The UK government knows that it’ll have to take difficult decisions to achieve its goal of being a net zero emissions economy by 2050. It’ll have to consider taxing beef, levying carbon taxes on flights, and finding other ways to modify the behaviors of consumers and producers from on high.
It knows all this. It just doesn’t want anyone to know that it knows all this.
On Tuesday (Oct. 19), on its official web site, the UK government published a 56-page report compiled by the Behavioural Insights Team, a firm that began as a seven-person unit within the government in 2011, and that is still partly owned by the Cabinet Office. The report suggests methods based on behavioral economics—specifically, on “nudge” policies that guide people into one kind of decision over another—to speed the transition towards the UK’s net zero goals.
Within hours, though, the report was scrubbed from the web site. (Quartz downloaded a copy before it vanished. Read the UK’s deleted report, titled “Net Zero: principles for successful behaviour change initiatives,” here.) The Behavioural Insights Team told Quartz it couldn’t comment on why its report was removed. A government spokesperson told the Guardian that the document was an “academic research paper,” adding: “We have no plans whatsoever to dictate consumer behaviour in this way.”
The UK’s deleted Net Zero report has bold ideas about getting to Net Zero
If the spokesperson is to be believed, then it’s a pity that the government has no intention to follow the report’s suggestions, because they are eminently sensible. In the past, nudge theory has earned criticism for being a paternalistic tactic, used by companies to influence unwitting consumers and by governments to shape society; it is so reliant on the aggregate benefit of thousands of small tweaks to individual behavior that it ignores the need for larger, structural changes to the economy itself.
But the deleted report doesn’t fall into that trap. It stresses repeatedly that the government has to act “upstream” and “midstream”—in the realms of companies and industries—more than “downstream,” at the level of individuals. It’s impractical to ask people to “swim against the current” and opt for green choices when their options are limited, the report says. It continues: “It’s hard to avoid plastic packaging when the shops are full of it; hard to drive an EV if you don’t have off-street parking to install a charge-point; hard to take the train when the plane is cheaper and quicker; hard to give up red meat when our shops, restaurants and cultural norms are brimming with it.”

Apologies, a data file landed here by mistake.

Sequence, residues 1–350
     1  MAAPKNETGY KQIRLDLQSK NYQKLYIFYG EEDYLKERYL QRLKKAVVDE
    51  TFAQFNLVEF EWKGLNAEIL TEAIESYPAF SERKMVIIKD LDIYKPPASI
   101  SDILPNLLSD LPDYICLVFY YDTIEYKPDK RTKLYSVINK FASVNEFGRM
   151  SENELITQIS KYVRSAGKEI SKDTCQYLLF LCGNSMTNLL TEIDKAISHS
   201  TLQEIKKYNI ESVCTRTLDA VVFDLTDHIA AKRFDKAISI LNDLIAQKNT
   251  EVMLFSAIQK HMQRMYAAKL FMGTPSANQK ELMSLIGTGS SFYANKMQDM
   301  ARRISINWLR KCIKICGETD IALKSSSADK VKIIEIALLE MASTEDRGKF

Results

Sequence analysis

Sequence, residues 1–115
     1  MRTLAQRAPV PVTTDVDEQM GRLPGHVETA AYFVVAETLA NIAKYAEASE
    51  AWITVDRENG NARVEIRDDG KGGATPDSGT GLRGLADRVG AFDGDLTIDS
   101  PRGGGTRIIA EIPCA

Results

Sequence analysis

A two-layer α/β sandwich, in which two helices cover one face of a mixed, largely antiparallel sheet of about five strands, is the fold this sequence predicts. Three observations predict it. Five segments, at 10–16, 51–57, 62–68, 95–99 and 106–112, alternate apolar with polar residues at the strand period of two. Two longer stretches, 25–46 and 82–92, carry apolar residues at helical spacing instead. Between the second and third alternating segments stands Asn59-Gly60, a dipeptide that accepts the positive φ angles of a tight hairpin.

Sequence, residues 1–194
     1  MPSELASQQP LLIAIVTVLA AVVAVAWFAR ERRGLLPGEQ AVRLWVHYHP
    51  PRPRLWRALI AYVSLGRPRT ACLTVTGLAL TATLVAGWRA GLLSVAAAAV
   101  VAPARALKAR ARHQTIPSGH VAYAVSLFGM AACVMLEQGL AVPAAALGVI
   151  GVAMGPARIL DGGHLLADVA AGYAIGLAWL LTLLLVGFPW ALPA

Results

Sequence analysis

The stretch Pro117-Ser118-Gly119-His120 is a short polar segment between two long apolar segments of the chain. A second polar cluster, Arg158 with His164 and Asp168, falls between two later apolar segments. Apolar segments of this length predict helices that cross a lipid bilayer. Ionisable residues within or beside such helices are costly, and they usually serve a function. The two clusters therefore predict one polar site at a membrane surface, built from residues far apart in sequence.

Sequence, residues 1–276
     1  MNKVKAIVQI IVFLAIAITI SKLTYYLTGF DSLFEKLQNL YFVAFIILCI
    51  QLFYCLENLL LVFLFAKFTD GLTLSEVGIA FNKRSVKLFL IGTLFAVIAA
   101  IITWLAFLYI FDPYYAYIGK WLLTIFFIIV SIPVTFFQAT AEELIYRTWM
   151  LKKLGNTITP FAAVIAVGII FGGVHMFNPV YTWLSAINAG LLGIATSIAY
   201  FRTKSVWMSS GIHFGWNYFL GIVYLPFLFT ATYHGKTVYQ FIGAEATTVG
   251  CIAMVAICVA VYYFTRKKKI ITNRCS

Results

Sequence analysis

To effect these changes, treat the climate crisis like the obesity crisis, the report suggests, harking back to the UK’s levy of a “Sugar Tax” on soft drinks. Begun in 2018, the tax successfully cut down the sugar consumption across the population. The report’s recommendations along those lines include a “producer- or retailer-facing tax” on foods like beef that have a high carbon footprint; levies on producers of emissions-intensive kinds of concrete or steel; forcing airlines to be transparent about their emissions, and imposing heavier carbon taxes; and disincentivizing business travel. “‘Frequent flyer’ should not be a badge of pride,” the report points out.
The UK needs big changes to get to Net Zero
Small behavioral shifts come with limitations. For one thing, enacting them can shrink the government and the public’s appetite for bigger, systemic changes, the deleted report warns. Then, even more emphatically, it points out that successful social initiatives such as reducing smoking, improving automotive safety, and increasing vaccine uptakes—and here the report switches to bold type—”have all involved taxes, bans, mandates and other regulatory measures beyond soft persuasion.” We do not, the report continues, “have time to nudge our way to Net Zero.”
But these big, top-down changes will undoubtedly meet with resistance from Conservatives and their constituencies. The report, for instance, urges the government to recognize the signals it sends by “approv[ing] airport expansions, or financially support[ing] the airline industry with little demands for decarbonisation in return.” The government, though, has maintained that “there are compelling economic arguments in favour of continued growth,” according to another report published by Parliament in September.
The rationale behind pulling the report on behavioral changes off the internet may well emerge from this friction—that is, from the Conservative government’s unwillingness to impose restrictions upon business, its core constituency. It may also be shrinking from appearing to be a force that intervenes in society and the economy in discreet ways. But it shouldn’t, the report’s authors point out. That is its very purpose: “virtually all that governments do is about influencing human behaviour.”